same view 7PM-
American Eagle with Alabama in pursuit, 2011 Gloucester Schooner Race. Capt. John Foss has held off many newer, faster schooners to win the Mayor’s Cup time and again. American Eagle was the last fishing schooner built in Gloucester (1930). Capt. Foss reconstructed the boat in 1984-86 and has since worked diligently to keep her in tip-top shape. The challengers to American Eagle in the over 80 ft class this year on August 31st are Adventure, Amistad, Liberty Clipper and Roseway.
Sailing in or alongside American Eagle in the Mayor’s Race is an unforgettable experience. One passenger will be making his 16th trip to the GSF on American Eagle this year! For his investment in all those races and weekends aboard in Gloucester he might have purchased just one Super Bowl ticket, to which he could add the cost of transportation and lodging. The commercial boats that participate in the Gloucester Schooner Festival are dependent on paying passengers and there are spaces still available. Information on sailing opportunities is available here http://gloucesterschoonerfestival.net/?p=655
(Photo by Amy Beaudet from Green Dragon)
Cole a mate on the Water Shuttle captained by Capt Pete, found a Black Centurion America Express Credit Card, under the deck at the Studio in Rocky Neck. He did not hesitate and rushed up the gang way, and returned the card to a Studio Employee.
The credit card is is the most exclusive and rare card offered by American Express; it is available by invitation only. Reserved for high end clients, this titanium (not plastic) card guarantees extras such as private jet services, personal concierges, business, savings and much more. The cost of the privilege to use this card is $2,500 a year.
The card was returned to the rightful owner, a prominent Gloucester resident.
Cole, I applaud you on your integrity and instilling my confidence in our young generation.
The charming note posted below was in my inbox today. I thought Fred would enjoy, as would our GMG readers find interesting.
Dear Madame Butterfly,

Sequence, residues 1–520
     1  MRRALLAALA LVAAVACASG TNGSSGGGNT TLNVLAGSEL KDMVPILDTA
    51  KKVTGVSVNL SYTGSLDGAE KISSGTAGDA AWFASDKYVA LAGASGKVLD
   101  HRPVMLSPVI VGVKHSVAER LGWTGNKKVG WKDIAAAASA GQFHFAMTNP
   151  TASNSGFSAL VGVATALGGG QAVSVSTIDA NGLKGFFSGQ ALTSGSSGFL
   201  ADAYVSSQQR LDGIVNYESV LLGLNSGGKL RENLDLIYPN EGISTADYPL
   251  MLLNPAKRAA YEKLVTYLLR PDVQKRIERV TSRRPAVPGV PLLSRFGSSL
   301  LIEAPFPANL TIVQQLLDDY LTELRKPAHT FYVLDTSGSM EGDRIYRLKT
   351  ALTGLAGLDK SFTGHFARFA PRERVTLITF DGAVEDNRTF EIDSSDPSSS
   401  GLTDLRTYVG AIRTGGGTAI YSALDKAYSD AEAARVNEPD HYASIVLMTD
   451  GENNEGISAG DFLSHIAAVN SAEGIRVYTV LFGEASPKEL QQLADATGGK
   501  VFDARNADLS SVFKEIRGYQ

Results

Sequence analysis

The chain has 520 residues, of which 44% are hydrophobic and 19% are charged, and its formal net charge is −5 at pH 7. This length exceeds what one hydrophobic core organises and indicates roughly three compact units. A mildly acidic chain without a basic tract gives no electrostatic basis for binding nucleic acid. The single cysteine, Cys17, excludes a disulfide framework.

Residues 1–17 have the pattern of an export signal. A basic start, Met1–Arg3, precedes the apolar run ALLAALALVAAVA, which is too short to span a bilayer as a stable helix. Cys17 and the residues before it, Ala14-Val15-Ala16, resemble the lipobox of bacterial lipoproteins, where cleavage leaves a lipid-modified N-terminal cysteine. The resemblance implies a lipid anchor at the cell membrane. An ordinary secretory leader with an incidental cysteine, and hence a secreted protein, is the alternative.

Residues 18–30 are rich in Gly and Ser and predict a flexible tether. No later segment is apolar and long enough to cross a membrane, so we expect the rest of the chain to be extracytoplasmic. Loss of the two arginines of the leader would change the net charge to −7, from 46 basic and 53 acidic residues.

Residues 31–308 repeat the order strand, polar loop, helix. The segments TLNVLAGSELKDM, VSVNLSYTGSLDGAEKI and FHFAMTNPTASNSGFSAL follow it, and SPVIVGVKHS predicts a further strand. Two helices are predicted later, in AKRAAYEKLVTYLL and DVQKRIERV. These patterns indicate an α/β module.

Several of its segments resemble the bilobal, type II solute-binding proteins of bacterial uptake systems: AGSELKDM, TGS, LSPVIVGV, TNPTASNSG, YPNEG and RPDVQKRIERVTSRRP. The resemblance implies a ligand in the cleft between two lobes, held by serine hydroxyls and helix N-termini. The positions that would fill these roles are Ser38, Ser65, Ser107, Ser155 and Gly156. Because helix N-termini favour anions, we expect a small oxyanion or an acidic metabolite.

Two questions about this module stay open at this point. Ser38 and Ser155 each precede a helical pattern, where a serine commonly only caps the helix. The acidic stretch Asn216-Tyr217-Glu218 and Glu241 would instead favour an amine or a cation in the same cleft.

(You may recognize my name as an infrequent commenter on
GMG. More importantly, I am an FOF, Friend of Fred Bodin, although he NEVER invited me to his gallery soires !!!!!)
I always read your GMG posts and enjoy and learn from them.
I have a plant that comes up in my back yard and grows to a height of 5 or 6 feet. This week it fell down. Do you know what it is? Can I cut it up safely and dispose of it? Should I throw it over the fence in the back and let wildlife eat the berries?
Any help, thanks,
Allen, as an FOF and FOB, of course you are invited to ALL GMG soirées. I hope you’ll come to the mug-up this Saturday morning at E.J.’s new summer gallery on Rocky Neck. I am planning to go, but will not get there until closer to 11:00. I look forward to meeting you!
American Pokeweed (Phytolacca americana) is what you have growing in your backyard. Pokeweed possesses nearly as many common names as the birds that find nourishment from its fruit, including pokeberry, Virginia poke, inkberry, ink weed, bear’s grape, American spinach, and American nightshade. The American Robin, Northern Mockingbird, Mourning Dove, Gray Catbird, Eastern Bluebird, Northern Cardinal, Great-crested Flycatcher, Eastern Kingbird, Eastern Phoebe, Yellow-bellied Sapsucker, European Starling, Brown Thrasher, Cedar Waxwing, and Pileated Woodpeckers are some of the birds that dine on the fruits of pokeberry. Many mammals such as Red Fox, Virginia Opossum, Raccoon, White-footed Mouse, and Black Bear eat the berries, too.